An excerpt of "Wooden Spoon," published in 2003 issue of The Long Story.
It was 1964, the summer of his eleventh year, and Enzio finally decided that he’d had enough of his mother’s beatings - he was leaving for good.
Now as he sat on the front porch of the house that his father, a coalminer, had bought when he’d emigrated from Italy, Enzio waited patiently for his mother to go to bed. If there was one thing he knew how to do, it was wait. All the hours spent behind locked closet doors had taught him he merely needed to sit, think, dream or sleep until the shadow cloud of time lifted. That morning he’d packed his knapsack with his sketchbook, twenty dollars, and a few clothes; then hid it under the porch.
An excerpt from "Vishnu, The Boar," a condensed version of Chapter 1 from my unpublished novel The World Does Not Know, won an Editor's Choice Award in the 2017 issue of Best New Writing.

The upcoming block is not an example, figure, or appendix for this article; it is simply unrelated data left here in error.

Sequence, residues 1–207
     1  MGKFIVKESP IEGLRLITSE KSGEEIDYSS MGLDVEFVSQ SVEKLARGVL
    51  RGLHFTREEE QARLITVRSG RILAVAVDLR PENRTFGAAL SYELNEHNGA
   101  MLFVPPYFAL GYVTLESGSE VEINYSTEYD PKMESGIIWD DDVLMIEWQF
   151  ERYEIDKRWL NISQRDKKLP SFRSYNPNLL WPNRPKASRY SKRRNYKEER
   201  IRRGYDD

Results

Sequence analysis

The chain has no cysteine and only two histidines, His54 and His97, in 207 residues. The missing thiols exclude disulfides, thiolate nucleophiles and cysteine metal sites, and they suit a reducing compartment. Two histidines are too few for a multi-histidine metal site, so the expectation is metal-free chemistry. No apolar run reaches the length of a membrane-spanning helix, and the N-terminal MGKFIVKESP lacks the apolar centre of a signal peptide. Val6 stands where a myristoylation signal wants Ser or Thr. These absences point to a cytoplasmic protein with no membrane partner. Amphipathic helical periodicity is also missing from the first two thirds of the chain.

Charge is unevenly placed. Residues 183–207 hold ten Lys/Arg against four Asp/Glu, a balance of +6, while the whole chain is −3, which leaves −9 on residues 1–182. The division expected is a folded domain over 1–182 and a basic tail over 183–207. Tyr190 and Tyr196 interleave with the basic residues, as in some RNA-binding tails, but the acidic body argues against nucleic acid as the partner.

“Paradise does not make itself known as paradise until we have been driven out of it.” –Hermann Hesse
The waning afternoon light was of no use to the hunting party. Neither was the boar cooperating with their plans, for being chased into the rainforest, it came to bay in the thickest part of the jungle, grunting, ready for battle.
Dutta, the bloodhound, sensed this as it led the hunting party down a darkening path under the thick canopy of the Sinharaja Rainforest Reserve. The party— an owner of a nearby tea-estate, his two nephews, his friend the Police Commandant, and two Tamil workers— followed behind. Purple-faced leaf monkeys, startled by the intruders, scurried away in mid-canopy trees. Cicadas and frogs silenced their frantic call and response as the party drew nearer.
The boar squealed, provoking Dutta to growl. Fearing he’d lose the scent of his catch, he raised the pitch of his bark, and then, leapt from the path into the bush and trees after the boar.
An excerpt of "We Are All Businessmen," published in The Atlantic Monthly 2008 Fiction Issue.